Christin Myrick Shepherd

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A Soul's Quest


Last year, I had the profound honor of attending and teaching a Fearless Soul workshop in the gorgeous and wild Fort McDowell, Arizona. Hosted by Bucket List Retreats, the sessions were clarifying for the attendee’s and for me. I recently had the pleasure of being interviewed by the owner and cultivator of Bucket List Retreats on her podcast program called Travel Talk (listen to the full interview here) which explores one of my favorite topics: transformational travel. The interview was so delightful, I converted it into a blog. I hope you enjoy ~


Part I: The Basics

 Quintessential Machu Picchu pic (with llama!)

Quintessential Machu Picchu pic (with llama!)

Traveling gave me the space and time to discover that I am inherently a slow-moving, intuitive. A deep thinking wanderer fueled by curiosity and asking profound questions. 

I graduated from college with a degree in engineering but, in my heart, I had always wanted to travel. I felt compelled. I couldn’t help myself! A piece of my Soul was calling to me, and I had to go after it.

 Arrived in Finland to a downpour and bad selfies.

Arrived in Finland to a downpour and bad selfies.

I went to Europe (including Denmark, Finland, Sweden and Norway) as well as Austria, the Czech Republic and Switzerland. China, Hong Kong, Thailand, Cambodia, Vietnam, Tibet and Peru (including Cusco and Machu Picchu (of course!), but was also able to trek the Cordierra Blancas, Colca Canyon, and wandered the Amazon Jungle). Asia and parts of Europe I did solo and other parts of Europe and Peru I did with my hubby (who was my then boyfriend).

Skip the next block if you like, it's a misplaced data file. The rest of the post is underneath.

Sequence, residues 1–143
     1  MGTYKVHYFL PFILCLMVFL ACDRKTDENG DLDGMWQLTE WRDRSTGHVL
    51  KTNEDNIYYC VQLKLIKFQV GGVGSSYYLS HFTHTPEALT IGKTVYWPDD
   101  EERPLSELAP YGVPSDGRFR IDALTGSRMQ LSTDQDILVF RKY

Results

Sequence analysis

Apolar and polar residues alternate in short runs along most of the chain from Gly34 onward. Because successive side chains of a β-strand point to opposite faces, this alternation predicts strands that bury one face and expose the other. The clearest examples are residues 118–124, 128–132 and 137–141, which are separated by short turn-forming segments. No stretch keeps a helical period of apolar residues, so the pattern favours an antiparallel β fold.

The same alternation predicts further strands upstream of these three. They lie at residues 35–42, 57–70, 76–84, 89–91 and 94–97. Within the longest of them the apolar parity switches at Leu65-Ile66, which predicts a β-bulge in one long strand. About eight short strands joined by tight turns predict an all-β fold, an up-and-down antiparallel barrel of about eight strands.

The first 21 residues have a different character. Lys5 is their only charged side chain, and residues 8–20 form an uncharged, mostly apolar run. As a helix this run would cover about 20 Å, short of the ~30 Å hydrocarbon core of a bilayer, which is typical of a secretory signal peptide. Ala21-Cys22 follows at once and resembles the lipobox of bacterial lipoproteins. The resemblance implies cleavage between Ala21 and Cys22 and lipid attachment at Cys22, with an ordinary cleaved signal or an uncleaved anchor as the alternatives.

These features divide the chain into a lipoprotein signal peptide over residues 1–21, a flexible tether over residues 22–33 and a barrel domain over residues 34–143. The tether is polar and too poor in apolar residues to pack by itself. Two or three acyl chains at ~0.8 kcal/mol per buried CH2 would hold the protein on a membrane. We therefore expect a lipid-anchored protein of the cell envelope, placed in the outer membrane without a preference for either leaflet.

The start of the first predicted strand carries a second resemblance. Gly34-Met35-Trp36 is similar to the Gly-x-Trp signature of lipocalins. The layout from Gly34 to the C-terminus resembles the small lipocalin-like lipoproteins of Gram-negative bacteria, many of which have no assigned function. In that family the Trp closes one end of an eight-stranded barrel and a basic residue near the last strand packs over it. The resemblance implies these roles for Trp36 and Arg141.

Logistics are an interesting piece of the travel puzzle. Travel, just like life, is one step at a time. If you think about the whole trip and what you’re going to do and when and where - it’s too much. It’s overwhelming. You have to pick the thing that’s right in front of you and figure it out. You just have to buy the ticket. Everything else you figure out along the way.

The idea of going somewhere foreign was frightening to me. I think because I was afraid of both the unknown world and the unknown parts of myself. When I flew to Hong Kong, i walked straight into a bathroom stall and sobbed. All I could do was feel the fear and take the next step anyway. 

I bought a one way ticket to China with zero idea what I was getting into. I was young and stupid: privileged enough to make the purchase but naive enough to not understand the risks. 

The hardest step was committing. 


 Potala Palace, Tibet.

Potala Palace, Tibet.

Part II: Transformation

Because of travel, I transformed. I left as one person and came back as another. Every time I went on new adventure, I learned, integrated, and became more whole.

I learned to listen with my senses. To memorize a place by the way it sounds and smells. Each place leaves an imprint on the Soul, like potters hands on clay. In Tibet, the air is crisp and thin, cold on the nostrils. Tiny bells tinkle on bicycles and there is an ever constant scraping sound of wooden blocks against dirt as the pilgrims stretch and bow across the ground. It transformed my idea of devotion.

 People everywhere.

People everywhere.